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Crossing borders for a little freedom & quality education

Higher Education


The Times of India

PANAJI: It took a while for them to find their bearings, but a couple of monsoons down the line, these students from Afghanistan, who have created a new home in Goa, feel one with the people here.

They are now looking forward to celebrating Holi.

“We have celebrated all the festivals; Diwali, Christmas, Eid specially Holi, and have had a wonderful time with friends. In Afghanistan there is no freedom to play Holi,” says Abdul Ghayoor Karzad, a student.

Each year, thousands of students make their way from Afghanistan to India to pursue their higher education. Most of them are enrolled in Bachelor’s, Master’s and diploma programmes in Delhi, Goa, Bangalore and Pune.

Goa is one of the most sought-after education destinations for these students who comprise over 60% of the foreign national students. Data provided by the education department reveals that of 86 foreign-origin students enrolled in various colleges for the academic year 2013-2014, nearly 63 are from Afghanistan.

The education department confirmed that at present there are 11 higher educational institutions including the Goa University and 19 schools and higher secondary schools where foreign students are studying. Afghan students come to India in large numbers especially with Indian Council for Cultural Relations (ICCR) scholarships.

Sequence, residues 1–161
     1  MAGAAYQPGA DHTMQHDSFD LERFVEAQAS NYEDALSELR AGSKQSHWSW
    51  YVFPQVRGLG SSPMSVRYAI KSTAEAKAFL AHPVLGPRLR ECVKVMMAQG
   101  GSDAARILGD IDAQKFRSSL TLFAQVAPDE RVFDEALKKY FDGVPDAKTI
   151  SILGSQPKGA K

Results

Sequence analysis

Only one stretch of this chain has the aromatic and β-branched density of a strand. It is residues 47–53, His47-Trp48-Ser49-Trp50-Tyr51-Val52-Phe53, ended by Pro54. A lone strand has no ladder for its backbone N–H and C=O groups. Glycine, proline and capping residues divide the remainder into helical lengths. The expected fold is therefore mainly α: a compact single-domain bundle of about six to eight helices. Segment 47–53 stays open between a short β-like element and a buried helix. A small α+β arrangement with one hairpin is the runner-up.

Prof Bernard Rodrigues, foreign student advisor, tells TOI that compared to other states the education in Goa is very cheap and professional.

It is the Indian Embassy in Afghanistan that gives the students, both boys and girls, scoring 90% and above special scholarships.

Students mostly prefer to go for quality education.

“In Afghanistan the syllabus of even top colleges is in Persian and not very advanced. Many students are attracted to India because the medium of instruction is English,” says Mujeeb Rahman, a law student.

But it was not an easy road for these students. “We had some problems initially as accommodation was not easily available. But with time our neighbours got to know us better and got very friendly with us,” Rahman Nazar Bilim, a law student says.

The students are full-throated in their praise for the locals’ command over English. “India has a good standard of English. We heard that Goans are really friendly and he environment is good to study,” he added.

While the world raves about Goan cuisine, these visitors from Afghanistan had a tough time wrapping their palate around the spicy food. “In the beginning it was very difficult for me since the food is very spicy here, especially the canteen food,” Noorullah Sorkhi, another law student says. Instructions to waiters to go easy on the spice is quite common.

“Back home our food is very bland,” a student says.

Many students study in a city college of arts and science. “This is one of the finer colleges in Goa. The teachers are trained and skilled – most of them have a doctorate and are very helpful. I joined Dhempe college because of its Grade A rating,” says Najeebullah Yalghoz, a student.

Many students want to continue their education in other parts of India.

But not surprisingly, a section of them hope to go back to their country and work for human rights.


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